Water-Related News

Researchers monitor seagrass in Caloosahatchee

The scientists couldn't see their feet in the meter-deep water of the Caloosahatchee River last week — tannins from freshwater runoff had turned the river a deep reddish brown.

But Mark Thompson and RIck Bartleson of the Sanibel-Captiva Conservation Foundation Marine Laboratory had a job to do: Go underwater with masks and snorkels and document the density of shoal grass (often known by its genus name, Halodule) on the river bottom near Iona.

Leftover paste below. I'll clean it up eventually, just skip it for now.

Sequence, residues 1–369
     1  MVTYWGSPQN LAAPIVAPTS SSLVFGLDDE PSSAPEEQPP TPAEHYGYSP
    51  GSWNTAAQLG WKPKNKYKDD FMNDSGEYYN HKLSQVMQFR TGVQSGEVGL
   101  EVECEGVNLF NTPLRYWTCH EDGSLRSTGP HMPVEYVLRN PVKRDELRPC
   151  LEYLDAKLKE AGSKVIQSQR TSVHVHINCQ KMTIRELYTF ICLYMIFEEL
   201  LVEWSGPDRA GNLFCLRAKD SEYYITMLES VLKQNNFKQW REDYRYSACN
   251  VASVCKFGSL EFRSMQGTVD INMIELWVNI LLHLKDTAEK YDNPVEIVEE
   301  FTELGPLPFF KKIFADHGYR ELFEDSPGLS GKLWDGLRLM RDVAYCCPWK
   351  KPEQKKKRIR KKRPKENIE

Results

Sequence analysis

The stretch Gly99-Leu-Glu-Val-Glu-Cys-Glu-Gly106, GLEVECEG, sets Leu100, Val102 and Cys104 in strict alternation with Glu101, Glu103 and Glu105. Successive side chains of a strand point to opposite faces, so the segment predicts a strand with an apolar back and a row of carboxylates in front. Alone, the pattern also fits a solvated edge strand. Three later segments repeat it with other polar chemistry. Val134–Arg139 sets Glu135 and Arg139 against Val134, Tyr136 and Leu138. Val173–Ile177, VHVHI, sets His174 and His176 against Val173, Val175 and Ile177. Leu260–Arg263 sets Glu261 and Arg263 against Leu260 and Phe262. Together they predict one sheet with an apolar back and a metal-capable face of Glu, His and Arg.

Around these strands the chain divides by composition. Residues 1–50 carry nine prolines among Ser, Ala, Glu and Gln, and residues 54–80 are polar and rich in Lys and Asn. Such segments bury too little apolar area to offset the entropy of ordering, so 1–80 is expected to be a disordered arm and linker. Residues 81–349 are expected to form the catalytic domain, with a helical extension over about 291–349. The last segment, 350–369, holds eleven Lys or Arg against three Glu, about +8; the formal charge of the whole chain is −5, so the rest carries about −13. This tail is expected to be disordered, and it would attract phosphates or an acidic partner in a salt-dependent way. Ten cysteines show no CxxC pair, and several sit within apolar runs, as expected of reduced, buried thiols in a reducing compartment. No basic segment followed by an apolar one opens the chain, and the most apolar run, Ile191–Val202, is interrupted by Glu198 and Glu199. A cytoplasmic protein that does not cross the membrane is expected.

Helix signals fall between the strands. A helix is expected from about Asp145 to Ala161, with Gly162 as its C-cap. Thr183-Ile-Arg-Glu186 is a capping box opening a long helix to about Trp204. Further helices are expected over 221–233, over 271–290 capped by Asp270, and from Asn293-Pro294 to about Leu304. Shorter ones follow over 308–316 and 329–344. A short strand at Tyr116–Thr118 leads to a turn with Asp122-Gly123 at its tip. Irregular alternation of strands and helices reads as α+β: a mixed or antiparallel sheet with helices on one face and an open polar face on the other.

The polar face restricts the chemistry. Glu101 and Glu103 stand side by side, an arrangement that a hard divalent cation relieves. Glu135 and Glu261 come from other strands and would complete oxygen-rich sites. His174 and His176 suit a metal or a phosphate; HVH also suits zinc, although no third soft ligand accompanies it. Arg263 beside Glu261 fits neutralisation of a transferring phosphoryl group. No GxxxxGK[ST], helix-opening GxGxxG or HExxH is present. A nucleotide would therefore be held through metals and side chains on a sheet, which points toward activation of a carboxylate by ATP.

In a study dating back to 2004, marine lab researchers are looking at the effects of high freshwater flows on the river's seagrass species (shoal grass, turtle grass and manatee grass).

During the dry season, little rain falls, so little fresh water is added to the flow of the Caloosahatchee; during the wet season, rain falling on the Caloosahatchee watershed between the mouth of the river and Lake Okeechobee runs into the river, lowering salinity the estuary.

As Okeechobee fills during the rainy season, water managers release fresh water down the river to prevent flooding in the communities surrounding the lake.